Motivation: Rhythm gets short shrift!
Lately, I've been thinking a lot about rhythm! In a traditional study of music theory, one learns a ton about harmony but very little about rhythm beyond some very basics. Similarly, in studying music history, there's an overemphasis on the harmonic trajectory of Western music, but almost no attention to its rhythmic evolution. And yet often the most salient difference between musical styles is rhythmic. Especially when one considers folk and popular music of the past century, there's a surprising continuity of harmony! Rhythm, however, is another matter.
The point: Math is useful (and fun!) for building on intuition about rhythm and syncopation
This post and the next approach rhythm from a mathematical standpoint, starting with an example of a piece I wrote recently in comparison to one of Bach. In using variations of the main rhythmic theme, I realized most of them were syncopated; this post explains some of the math that backs up that intuitive realization, compares the theme to its obvious Bach counterpart, and motivates further exploration of the topic.
Here's the new piece:
There are many purely melodic (that is, intervallic) changes to the theme in the Bach that leave it in tact and recognizable, but essentially no rhythmic changes. In my piece, there's both types of variation. For instance, instead of repeating the first half of the piece (as is typical in Baroque music and happens in the Bach gigue), the second section of my piece starts with the same notes as the main theme over the same duration (two measures), but distributed differently:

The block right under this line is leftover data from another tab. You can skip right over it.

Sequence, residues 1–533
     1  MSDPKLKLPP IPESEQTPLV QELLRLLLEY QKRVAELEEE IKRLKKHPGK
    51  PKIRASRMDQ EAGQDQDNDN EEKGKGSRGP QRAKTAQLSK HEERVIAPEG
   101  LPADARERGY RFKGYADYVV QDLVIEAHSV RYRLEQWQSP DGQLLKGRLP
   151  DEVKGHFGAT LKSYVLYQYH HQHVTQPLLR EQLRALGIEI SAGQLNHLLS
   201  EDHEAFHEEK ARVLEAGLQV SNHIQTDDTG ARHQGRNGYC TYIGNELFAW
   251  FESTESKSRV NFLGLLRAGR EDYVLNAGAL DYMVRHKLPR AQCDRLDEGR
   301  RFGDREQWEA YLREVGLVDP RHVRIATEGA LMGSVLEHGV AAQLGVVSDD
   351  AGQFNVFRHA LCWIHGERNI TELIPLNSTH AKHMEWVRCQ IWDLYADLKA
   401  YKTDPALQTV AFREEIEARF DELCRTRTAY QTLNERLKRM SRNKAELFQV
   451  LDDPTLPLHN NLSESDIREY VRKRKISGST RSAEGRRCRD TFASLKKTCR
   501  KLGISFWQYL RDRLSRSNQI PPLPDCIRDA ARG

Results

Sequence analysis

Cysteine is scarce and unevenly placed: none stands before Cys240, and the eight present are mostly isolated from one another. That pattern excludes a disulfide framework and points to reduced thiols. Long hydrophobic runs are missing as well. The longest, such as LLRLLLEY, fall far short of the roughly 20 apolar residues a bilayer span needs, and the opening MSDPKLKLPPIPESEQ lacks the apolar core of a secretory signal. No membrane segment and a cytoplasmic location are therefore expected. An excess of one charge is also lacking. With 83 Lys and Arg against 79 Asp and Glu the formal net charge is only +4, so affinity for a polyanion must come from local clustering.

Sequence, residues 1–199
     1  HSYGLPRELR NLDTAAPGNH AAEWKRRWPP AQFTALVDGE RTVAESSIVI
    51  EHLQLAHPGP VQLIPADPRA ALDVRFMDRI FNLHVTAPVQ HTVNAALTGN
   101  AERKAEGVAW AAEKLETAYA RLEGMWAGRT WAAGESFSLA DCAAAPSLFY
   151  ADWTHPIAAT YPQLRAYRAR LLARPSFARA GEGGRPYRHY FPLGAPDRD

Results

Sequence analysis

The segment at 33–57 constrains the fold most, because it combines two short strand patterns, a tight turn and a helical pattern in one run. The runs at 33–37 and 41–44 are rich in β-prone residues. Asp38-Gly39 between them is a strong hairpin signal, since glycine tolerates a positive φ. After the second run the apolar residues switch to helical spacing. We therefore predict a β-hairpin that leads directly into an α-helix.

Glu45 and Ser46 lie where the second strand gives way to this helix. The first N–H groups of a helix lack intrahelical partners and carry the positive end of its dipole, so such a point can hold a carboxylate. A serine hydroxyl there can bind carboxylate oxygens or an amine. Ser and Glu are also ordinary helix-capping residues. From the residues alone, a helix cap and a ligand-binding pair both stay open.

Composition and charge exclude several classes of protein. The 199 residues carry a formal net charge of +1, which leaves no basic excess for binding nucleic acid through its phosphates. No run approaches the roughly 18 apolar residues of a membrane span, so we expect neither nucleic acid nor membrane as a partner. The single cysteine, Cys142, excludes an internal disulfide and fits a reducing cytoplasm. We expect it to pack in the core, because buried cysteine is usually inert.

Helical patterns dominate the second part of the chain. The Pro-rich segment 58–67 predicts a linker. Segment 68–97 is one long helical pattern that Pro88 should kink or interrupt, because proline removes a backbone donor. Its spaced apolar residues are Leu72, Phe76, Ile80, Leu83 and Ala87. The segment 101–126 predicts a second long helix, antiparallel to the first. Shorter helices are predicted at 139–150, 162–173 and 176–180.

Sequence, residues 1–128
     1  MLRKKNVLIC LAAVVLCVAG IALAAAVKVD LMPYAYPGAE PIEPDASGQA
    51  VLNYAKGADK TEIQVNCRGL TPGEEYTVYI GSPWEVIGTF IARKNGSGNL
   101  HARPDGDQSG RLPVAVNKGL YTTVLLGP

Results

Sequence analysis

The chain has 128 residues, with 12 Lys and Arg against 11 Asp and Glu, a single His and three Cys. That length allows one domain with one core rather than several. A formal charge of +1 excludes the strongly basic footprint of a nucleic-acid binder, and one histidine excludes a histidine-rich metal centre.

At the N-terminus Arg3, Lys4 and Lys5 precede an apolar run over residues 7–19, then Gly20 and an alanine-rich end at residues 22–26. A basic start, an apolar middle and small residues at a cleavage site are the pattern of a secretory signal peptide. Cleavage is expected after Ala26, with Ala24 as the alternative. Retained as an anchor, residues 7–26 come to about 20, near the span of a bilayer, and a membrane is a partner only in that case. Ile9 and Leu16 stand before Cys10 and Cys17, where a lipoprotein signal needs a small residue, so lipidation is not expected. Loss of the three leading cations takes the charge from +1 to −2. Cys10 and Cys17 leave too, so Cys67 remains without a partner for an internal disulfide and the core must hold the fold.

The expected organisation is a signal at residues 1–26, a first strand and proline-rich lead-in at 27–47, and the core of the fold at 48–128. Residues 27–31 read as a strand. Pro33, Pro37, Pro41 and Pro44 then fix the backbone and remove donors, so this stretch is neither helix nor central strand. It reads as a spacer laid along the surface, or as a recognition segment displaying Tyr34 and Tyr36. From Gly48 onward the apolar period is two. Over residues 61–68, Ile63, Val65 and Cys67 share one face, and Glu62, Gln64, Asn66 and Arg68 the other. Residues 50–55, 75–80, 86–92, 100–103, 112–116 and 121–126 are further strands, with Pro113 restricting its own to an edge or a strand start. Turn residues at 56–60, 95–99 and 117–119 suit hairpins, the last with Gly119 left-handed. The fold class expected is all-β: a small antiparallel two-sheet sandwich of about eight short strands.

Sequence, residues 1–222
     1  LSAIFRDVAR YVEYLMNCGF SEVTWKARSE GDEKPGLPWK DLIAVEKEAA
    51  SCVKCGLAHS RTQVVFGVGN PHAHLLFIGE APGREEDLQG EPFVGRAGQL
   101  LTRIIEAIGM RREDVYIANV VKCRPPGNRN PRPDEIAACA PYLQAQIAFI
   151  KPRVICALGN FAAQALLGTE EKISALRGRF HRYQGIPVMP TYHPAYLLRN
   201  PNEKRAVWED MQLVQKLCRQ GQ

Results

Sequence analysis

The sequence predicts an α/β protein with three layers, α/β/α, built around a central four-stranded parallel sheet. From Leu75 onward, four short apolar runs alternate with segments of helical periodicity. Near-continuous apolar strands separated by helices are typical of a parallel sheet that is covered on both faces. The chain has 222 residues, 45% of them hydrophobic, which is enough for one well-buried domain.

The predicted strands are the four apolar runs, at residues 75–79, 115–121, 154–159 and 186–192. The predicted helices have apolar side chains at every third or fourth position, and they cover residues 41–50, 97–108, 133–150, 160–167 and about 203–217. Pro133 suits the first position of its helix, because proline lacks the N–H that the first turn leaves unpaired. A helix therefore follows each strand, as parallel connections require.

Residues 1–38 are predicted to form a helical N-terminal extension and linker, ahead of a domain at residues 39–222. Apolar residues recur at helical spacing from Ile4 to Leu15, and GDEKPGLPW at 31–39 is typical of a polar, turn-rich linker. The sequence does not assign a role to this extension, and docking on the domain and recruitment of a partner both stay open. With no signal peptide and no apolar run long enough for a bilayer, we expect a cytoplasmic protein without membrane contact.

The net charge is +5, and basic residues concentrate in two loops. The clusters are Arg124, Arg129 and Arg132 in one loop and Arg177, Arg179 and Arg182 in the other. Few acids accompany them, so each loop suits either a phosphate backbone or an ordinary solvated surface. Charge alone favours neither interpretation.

This raises the question: how many rhythmic variations are there of this melodic idea, keeping the order of the notes, the total duration and (for now) restricting notes to the falling on the beats? The answer will probably surprise you (unless you're already well-versed in the math / combinatorics of the situation): 220. That's a lot!
Here is an explanation (for a more thorough one, scroll down to "combinations" here, or just skip to the next section): there are 9 notes in the idea, and they occur over 12 beats (2 measures with 6 beats each). That means there are going to be 3 "empty" beats without a note beginning on them. Making a choice of a purely rhythmic variation for the 9 notes is equivalent to choosing which 3 beats will be empty. For instance, in example 1 above, the "empty" beats are 2, 5, and 11 (where beat 11 = beat 5 of the second measure). The arrows below point to the empty beats.
If we had instead chosen where to put our 9 notes instead of our 3 empty beats, we would have ended up with the same answer (12 choose 9 = 12 choose 3), only it would have taken a lot longer to explain!
As one more example, let's say we did choose 2, 6, 10 (or 10, 2, and 6) for our empty beats. What would our melody look like?
The next question is, how many of the rhythmic variations are syncopated vs un-syncopated? Here I'll tell you the answer and follow up with explanation of what it means, why it matters, and how I calculated it in part 2. The answer is: 191 syncopated, 29 un-syncopated. That's a lot more syncopated than not!